Close up of burning cigarette isolated on white background

Smoking poses significant risks to both maternal and fetal health during pregnancy and is a major public health concern. It is associated with various complications, such as preterm delivery, restricted fetal growth, placental abruption, placenta previa, premature rupture of membranes, and increased risk of perinatal mortality. In addition to these well-known risks, there is growing awareness of the detrimental effects of cigarette smoke on fertility and reproduction, although these effects are not widely recognized.

Smoking has a significant negative impact on fertility for both men and women. This impact is dose-dependent and as result, if you cannot fully quit smoking then it is better to try to cut back significantly than do nothing. It’s important to note that the negative effects of smoking on fertility are not limited to active smoking. Second hand smoke and exposure to environmental toxins can also have similar adverse effects.


• Ovarian Function: Smoking can accelerate the loss of eggs (ovarian reserve) and reduce the quality of eggs, making it more difficult to conceive.
• Hormonal Imbalances: Smoking can disrupt the hormonal balance in women, affecting the menstrual cycle and ovulation.
• Increased Risk of Tubal and Ectopic Pregnancy: Smoking increases the risk of tubal and ectopic pregnancies, where the fertilized egg implants outside the uterus.
• Increased Risk of Miscarriage: Smoking raises the risk of miscarriage
• Early Menopause: Smoking can bring on menopause at an earlier age, further reducing fertility. Menopause occurs 1-4 years earlier on average for smoking women versus non-smoking women.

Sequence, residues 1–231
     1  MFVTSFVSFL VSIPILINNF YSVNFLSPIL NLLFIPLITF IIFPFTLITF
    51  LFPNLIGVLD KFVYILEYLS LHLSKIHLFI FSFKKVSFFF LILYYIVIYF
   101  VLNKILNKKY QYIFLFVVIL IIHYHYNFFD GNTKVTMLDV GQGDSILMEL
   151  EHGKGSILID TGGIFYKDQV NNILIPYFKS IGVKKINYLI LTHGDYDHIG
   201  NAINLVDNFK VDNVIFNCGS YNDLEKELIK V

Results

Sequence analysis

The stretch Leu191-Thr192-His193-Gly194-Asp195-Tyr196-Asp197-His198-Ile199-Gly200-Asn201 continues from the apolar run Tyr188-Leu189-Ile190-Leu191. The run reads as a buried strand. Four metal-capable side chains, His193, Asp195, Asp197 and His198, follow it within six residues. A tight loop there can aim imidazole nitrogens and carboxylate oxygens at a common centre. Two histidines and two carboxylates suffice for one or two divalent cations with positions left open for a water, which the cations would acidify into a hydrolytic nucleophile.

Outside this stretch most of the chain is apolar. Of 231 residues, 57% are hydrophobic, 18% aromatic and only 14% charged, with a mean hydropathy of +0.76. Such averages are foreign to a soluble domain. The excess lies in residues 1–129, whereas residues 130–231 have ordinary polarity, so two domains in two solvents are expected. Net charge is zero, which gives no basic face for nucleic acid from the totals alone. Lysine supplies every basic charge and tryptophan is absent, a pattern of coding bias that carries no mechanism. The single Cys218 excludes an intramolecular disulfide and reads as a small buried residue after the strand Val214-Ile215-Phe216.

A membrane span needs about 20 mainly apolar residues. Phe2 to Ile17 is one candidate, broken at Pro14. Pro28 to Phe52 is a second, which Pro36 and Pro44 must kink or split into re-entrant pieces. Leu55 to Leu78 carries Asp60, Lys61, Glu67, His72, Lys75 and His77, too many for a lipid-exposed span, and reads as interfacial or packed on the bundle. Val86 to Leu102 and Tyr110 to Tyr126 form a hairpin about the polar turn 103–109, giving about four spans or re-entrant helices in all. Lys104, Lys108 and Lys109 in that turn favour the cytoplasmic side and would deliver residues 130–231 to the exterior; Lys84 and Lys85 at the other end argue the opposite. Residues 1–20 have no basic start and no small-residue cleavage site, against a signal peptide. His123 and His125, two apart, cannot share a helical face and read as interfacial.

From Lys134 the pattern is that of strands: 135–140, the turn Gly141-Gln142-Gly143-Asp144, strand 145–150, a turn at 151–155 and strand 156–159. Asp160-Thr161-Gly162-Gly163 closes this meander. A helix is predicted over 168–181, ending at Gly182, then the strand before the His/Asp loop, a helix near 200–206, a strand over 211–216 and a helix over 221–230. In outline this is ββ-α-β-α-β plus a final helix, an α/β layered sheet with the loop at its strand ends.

• Uterine Receptivity: Research on donor-oocyte cycles indicates that moderate to heavy smokers who receive donor eggs are less likely to become pregnant compared to light or non-smoking recipients. The pregnancy success rates were 34.1% for smokers versus 52.2% for non-smokers. These findings imply that smoking may affect the receptivity of the uterus, leading to reduced success rates in assisted reproductive technology for smokers.


• Sperm Quality: Smoking can lower sperm count, reduce sperm motility (movement), and increase the number of abnormal sperm. This reduces the chances of successful fertilization.
• DNA Damage: Smoking increases the likelihood of DNA damage in sperm, which can impact embryo development and increase the risk of birth defects.
• Erectile Dysfunction: Smoking contributes to erectile dysfunction, making it more difficult to achieve and maintain an erection.

Overall, smokers undergoing fertility treatments such as in vitro fertilization (IVF) have lower success rates compared to non-smokers. The chances of conceiving and achieving a successful pregnancy are significantly reduced. Smoking has been found to have diverse negative effects on reproductive processes, although the exact impacts may vary across studies. Some reported outcomes include an increased need for ovarian stimulation, lower levels of peak estrogen, higher testosterone levels, a reduced number of retrieved eggs, more canceled cycles, a thicker outer layer of the egg, lower rates of successful embryo implantation, and a higher number of cycles with failed fertilization among smokers when compared to non-smokers. Smokers therefore require about twice the number of IVF attempts to conceive versus non-smokers.

Fortunately, quitting smoking can help improve fertility outcomes. The negative effects on fertility can be partially reversible after quitting smoking. It’s recommended for both partners to quit smoking and adopt a smoke-free environment to maximize their chances of conceiving and having a healthy pregnancy.

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